Academic journal article Monthly Labor Review

Injuries, Illnesses, and Fatalities among Older Workers: Americans Are Living Longer Than Ever before and Many Are Staying in the Workforce Past Age 55; Although Older Workers Experience Similar Events Leading to Injury, They Sustain More Severe Injuries Than Their Younger Counterparts and Require More Days Away from Work to Recover

Academic journal article Monthly Labor Review

Injuries, Illnesses, and Fatalities among Older Workers: Americans Are Living Longer Than Ever before and Many Are Staying in the Workforce Past Age 55; Although Older Workers Experience Similar Events Leading to Injury, They Sustain More Severe Injuries Than Their Younger Counterparts and Require More Days Away from Work to Recover

Article excerpt

Older workers face many of the same workplace hazards as do other workers; the most prevalent events leading to job-related injuries or fatalities are falls, assaults, harmful exposures, or transportation incidents. But in many cases, the nature of the injury suffered by an older worker is more severe than that suffered by younger workers. Older workers who suffer a workplace injury may experience longer recovery periods than their younger counterparts. And older workers die from workplace injuries at a higher rate than do younger workers. This analysis focuses on occupational injuries, illnesses, and fatalities among older workers, and identifies differences in the severity of the events as a result of age.

Americans are living longer than ever before, and increasing numbers of older Americans are working. These facts have led to expanded interest in the activities of older Americans, and their work life. Americans born at the beginning of the 21st century can expect to live an average of 77 years, an increase of 9 years, compared with persons born a half century ago. Those aged 65 in 2000 can expect to live 18 years. Considering age 65 to be a typical retirement age, individuals can expect to live nearly 2 additional decades. Both the need to feel productive and the need for income may lead these older Americans to work during what are typically considered retirement years. (1)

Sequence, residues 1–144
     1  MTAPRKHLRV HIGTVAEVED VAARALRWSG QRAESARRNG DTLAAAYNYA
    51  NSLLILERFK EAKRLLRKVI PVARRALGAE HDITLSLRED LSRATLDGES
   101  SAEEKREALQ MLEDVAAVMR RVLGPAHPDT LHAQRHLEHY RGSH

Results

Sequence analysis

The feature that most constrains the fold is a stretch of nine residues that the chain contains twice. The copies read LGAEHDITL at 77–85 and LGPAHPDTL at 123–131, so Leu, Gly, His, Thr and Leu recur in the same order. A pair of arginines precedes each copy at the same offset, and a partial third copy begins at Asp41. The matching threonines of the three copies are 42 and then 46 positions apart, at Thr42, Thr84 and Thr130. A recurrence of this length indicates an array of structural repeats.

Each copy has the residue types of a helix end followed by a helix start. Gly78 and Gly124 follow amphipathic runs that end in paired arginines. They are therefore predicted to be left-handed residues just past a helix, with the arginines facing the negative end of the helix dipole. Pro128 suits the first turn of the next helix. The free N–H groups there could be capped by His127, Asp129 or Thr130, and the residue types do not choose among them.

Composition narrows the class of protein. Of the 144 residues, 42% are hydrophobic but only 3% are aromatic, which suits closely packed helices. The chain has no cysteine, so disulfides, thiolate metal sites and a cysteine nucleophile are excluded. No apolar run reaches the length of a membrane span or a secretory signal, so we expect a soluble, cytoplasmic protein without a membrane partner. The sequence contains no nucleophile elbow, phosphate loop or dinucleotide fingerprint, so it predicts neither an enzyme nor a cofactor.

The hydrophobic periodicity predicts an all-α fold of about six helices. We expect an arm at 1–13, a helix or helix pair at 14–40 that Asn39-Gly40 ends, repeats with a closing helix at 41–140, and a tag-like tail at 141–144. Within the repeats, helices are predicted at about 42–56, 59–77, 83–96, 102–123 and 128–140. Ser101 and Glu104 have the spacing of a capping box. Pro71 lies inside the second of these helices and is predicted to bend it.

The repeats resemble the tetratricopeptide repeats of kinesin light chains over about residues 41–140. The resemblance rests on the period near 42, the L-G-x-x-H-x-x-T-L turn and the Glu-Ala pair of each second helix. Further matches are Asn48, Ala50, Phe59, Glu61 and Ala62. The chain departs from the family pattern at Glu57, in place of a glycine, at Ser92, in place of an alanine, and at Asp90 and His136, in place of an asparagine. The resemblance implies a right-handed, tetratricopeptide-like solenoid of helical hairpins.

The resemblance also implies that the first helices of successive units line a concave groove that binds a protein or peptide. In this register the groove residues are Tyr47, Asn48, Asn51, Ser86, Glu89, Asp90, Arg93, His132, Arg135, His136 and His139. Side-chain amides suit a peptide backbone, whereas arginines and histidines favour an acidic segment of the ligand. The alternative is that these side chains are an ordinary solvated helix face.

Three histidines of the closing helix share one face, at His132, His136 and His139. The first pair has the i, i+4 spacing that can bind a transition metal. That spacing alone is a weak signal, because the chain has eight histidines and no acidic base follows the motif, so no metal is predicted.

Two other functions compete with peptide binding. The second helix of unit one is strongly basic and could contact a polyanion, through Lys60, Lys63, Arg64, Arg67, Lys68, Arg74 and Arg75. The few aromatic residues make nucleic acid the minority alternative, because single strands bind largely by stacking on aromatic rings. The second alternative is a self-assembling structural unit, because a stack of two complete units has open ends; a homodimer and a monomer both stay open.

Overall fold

Further, the cohort of older Americans is getting larger. There are currently 35 million Americans aged 65 and older, and another 28 million age 55-64. The baby-boom generation, those born in the years following World War II, are currently in their early 40s to late 50s. Over the next 20 years, the percent of Americans aged 65 and older will grow from the current 12 percent of the population to 21 percent. Clearly there is much interest in this group.

Sixty percent of those aged 55-64 are in the labor force; 14 percent of those aged 65 and older are in the labor force. For many years, starting in the 1960s, these percentages have declined, the result perhaps of available retirement income benefits from a variety of sources. But that trend has turned around in recent years, and the percent of older Americans in the labor force has been increasing. This may be due to changes in the Social Security retirement age, which requires individuals to work longer to receive full benefits. Another possible reason for an increase in older workers in the labor force is the need for increased income to pay medical and other expenses. Older Americans work in a variety of industries, but have large concentrations in education, health services, and wholesale and retail trade.

But the need to work does not come without potential hazards. This article explores recent data on workplace injuries, illnesses, and fatalities among older workers. Data from the Bureau of Labor Statistics Survey of Occupational Injuries and Illnesses and Census of Fatal Occupational Injuries provide a wide range of information about the events that led to an injury, illness, or fatality, the demographics of the workers involved, and the types of occupations and industries where these incidents occur. (2)

The Survey of Occupational Injuries and Illnesses provides the number of workplace injuries and illnesses and the rate of such incidents, based on full-time equivalent workers. Data are available for most private industry workers. For those cases that involve days away from work, which are generally considered the most serious cases, the survey also provides detailed demographic data on the worker involved and detailed characteristics of the case, such as the event that precipitated the incident and the part of body affected.

The Census of Fatal Occupational Injuries provides counts of the number of workplace fatalities and the rate of such incidents per worker. Data include private industry, governments, the residential military, and the self-employed. …

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